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Monthly safeguarding bulletin - November 2023

November's Safeguarding Bulletin 

This month's bulletin has a focus on stress and what you can do to combat it. 

Prevent and Radicalisation

The current UK national terrorist threat level is ‘substantial’, which is defined as ‘an attack is likely’. This level has been unchanged since February 2022 and is set by the Joint Terrorism Analysis Centre and the Security Service (MI5).

The threat to Northern Ireland from Northern Ireland-related terrorism is ‘severe’, which is defined as ‘an attack is highly likely’.

For more information go to terrorism and national emergencies


Swindon teenager found guilty of social media terrorism offences

A teenager from Swindon has been convicted of terrorism offences following a two-week trial at Winchester Crown Court.

The jury found 18 year old Malaki Wheeler guilty of six offences relating to the possession and dissemination of terrorist material and will be sentenced in November.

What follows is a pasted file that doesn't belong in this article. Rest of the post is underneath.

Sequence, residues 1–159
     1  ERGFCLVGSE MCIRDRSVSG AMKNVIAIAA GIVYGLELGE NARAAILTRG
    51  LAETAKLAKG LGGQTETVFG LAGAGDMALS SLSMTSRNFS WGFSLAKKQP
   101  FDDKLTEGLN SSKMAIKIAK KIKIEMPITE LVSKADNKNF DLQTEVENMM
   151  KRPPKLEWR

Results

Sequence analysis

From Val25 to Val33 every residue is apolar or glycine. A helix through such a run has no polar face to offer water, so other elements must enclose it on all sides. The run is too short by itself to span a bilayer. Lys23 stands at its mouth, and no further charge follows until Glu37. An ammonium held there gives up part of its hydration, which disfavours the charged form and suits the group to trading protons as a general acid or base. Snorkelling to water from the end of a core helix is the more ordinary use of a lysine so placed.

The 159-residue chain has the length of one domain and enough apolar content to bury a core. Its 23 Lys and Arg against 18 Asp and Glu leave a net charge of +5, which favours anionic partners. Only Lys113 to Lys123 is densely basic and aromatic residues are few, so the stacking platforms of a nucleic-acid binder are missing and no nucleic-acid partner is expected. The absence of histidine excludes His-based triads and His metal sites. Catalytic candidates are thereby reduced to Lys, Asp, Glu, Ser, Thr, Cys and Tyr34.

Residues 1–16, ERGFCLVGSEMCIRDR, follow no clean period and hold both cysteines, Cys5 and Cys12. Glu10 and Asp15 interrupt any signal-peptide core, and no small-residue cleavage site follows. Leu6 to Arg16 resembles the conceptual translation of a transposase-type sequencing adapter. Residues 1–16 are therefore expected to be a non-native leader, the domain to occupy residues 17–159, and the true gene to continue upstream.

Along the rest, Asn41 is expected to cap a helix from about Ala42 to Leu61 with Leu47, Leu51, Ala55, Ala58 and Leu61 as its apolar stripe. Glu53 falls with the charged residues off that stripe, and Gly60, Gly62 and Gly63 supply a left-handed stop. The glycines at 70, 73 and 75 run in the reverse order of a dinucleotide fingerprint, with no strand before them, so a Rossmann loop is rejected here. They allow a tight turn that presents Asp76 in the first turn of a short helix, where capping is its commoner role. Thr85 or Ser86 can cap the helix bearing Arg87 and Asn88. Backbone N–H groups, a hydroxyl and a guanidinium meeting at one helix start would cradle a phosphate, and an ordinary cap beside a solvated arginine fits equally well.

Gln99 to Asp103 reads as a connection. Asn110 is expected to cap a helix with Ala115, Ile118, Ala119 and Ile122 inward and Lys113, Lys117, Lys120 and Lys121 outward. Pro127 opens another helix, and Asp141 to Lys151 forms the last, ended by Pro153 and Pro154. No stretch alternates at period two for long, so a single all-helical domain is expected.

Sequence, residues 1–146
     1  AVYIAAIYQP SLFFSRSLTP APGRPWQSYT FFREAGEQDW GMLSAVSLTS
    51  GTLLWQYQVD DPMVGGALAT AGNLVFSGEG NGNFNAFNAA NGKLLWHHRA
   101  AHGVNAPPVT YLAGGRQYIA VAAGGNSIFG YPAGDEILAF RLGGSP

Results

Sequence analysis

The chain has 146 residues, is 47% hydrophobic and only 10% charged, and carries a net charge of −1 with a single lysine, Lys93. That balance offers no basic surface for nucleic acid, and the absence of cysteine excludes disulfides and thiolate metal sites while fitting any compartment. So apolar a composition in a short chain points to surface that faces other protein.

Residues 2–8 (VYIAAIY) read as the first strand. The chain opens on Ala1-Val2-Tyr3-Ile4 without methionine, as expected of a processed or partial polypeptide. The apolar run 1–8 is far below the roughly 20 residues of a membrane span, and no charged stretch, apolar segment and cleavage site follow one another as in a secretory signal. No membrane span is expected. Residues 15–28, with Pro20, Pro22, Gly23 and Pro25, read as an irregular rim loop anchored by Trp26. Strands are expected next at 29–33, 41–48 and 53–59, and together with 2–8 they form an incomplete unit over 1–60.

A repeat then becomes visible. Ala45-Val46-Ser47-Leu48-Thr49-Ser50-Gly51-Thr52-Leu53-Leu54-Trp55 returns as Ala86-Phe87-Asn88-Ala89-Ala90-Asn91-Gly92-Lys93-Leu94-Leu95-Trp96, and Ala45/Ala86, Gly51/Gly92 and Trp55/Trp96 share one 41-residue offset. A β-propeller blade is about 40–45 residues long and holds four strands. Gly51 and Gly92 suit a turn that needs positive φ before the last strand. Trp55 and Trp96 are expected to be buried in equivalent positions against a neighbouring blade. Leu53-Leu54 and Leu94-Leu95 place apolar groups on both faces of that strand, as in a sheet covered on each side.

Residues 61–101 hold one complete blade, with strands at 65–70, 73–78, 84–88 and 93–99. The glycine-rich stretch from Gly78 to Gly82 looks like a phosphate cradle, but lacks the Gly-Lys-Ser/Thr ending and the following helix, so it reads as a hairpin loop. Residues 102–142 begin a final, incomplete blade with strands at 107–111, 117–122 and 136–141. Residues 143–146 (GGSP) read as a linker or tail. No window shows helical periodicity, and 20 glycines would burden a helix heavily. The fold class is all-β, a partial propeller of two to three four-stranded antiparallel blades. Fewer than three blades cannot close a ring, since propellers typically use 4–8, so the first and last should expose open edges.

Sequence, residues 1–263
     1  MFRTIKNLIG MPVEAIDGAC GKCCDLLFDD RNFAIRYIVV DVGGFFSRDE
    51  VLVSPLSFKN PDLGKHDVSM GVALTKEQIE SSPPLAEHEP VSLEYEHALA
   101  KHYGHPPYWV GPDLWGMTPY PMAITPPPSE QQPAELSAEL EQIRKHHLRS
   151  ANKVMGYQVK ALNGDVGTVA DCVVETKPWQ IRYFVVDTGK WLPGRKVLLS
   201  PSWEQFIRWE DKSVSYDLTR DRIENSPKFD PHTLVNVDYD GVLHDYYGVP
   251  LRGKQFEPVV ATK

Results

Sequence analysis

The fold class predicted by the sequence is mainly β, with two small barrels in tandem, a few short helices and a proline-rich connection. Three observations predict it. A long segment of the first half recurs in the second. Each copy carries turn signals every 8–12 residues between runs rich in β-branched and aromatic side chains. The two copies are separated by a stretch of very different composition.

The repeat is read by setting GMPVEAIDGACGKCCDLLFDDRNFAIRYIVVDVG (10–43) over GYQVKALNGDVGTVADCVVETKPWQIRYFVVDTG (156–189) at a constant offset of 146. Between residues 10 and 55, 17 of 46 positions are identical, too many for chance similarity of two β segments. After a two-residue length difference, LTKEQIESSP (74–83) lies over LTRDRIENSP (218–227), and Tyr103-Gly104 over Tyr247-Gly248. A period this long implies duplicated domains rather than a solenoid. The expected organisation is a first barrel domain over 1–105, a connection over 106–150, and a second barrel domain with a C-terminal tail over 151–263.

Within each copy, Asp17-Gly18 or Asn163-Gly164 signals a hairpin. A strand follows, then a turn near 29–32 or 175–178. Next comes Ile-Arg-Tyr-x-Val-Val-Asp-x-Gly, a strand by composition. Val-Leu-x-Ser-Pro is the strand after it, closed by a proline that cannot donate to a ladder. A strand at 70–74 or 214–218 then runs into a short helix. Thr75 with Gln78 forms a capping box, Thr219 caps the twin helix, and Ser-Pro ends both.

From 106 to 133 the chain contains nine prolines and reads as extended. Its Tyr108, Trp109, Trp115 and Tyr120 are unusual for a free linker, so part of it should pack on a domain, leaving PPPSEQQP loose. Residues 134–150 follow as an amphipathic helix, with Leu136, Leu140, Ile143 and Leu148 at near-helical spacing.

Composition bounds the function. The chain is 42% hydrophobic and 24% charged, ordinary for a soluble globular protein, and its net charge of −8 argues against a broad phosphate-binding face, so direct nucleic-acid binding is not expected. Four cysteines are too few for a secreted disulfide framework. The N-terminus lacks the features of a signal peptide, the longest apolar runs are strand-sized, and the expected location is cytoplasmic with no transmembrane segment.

Wheeler was arrested in May 2021 after an investigation centred around an online chat group in which like-minded individuals were suspected of possessing, sharing and posting extreme right-wing views, content and instructional material.

Extensive enquiries revealed Wheeler to be a prolific contributor, regularly posting racist and antisemitic material and propaganda, in addition to distributing information about how to create weapons and explosives.

The Head of Counter Terrorism Policing North East. He said: “Although only 16 at the time of his arrest, Wheeler was deeply entrenched in a Telegram chat group committed to extreme right-wing ideology. He was not simply curious, or a passive observer within the group. He clearly shared the same mindset as other members and was very active when it came to promoting racist and antisemitic views and propaganda. It is important young people recognise the potential impact of their online activity, before they cross a line into criminality, or engage in harmful or dangerous behaviours.”